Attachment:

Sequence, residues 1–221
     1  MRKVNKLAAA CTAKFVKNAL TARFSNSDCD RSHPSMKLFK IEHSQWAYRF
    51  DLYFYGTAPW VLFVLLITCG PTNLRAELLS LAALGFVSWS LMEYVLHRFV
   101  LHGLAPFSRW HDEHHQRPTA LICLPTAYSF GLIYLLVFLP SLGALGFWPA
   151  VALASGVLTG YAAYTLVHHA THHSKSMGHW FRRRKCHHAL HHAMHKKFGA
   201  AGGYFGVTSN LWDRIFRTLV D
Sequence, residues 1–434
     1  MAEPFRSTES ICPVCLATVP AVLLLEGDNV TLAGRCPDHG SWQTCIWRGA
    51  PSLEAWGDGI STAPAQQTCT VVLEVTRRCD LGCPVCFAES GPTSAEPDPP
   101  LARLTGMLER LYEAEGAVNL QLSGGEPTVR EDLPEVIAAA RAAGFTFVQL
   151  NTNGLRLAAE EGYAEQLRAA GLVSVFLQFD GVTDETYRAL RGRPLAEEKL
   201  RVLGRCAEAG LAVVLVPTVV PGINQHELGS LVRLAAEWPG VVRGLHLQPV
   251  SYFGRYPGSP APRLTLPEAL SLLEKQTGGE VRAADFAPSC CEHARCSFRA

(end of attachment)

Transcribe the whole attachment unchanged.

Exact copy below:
Sequence, residues 1–221
     1  MRKVNKLAAA CTAKFVKNAL TARFSNSDCD RSHPSMKLFK IEHSQWAYRF
    51  DLYFYGTAPW VLFVLLITCG PTNLRAELLS LAALGFVSWS LMEYVLHRFV
   101  LHGLAPFSRW HDEHHQRPTA LICLPTAYSF GLIYLLVFLP SLGALGFWPA
   151  VALASGVLTG YAAYTLVHHA THHSKSMGHW FRRRKCHHAL HHAMHKKFGA
   201  AGGYFGVTSN LWDRIFRTLV D
Sequence, residues 1–434
     1  MAEPFRSTES ICPVCLATVP AVLLLEGDNV TLAGRCPDHG SWQTCIWRGA
    51  PSLEAWGDGI STAPAQQTCT VVLEVTRRCD LGCPVCFAES GPTSAEPDPP
   101  LARLTGMLER LYEAEGAVNL QLSGGEPTVR EDLPEVIAAA RAAGFTFVQL
   151  NTNGLRLAAE EGYAEQLRAA GLVSVFLQFD GVTDETYRAL RGRPLAEEKL
   201  RVLGRCAEAG LAVVLVPTVV PGINQHELGS LVRLAAEWPG VVRGLHLQPV
   251  SYFGRYPGSP APRLTLPEAL SLLEKQTGGE VRAADFAPSC CEHARCSFRA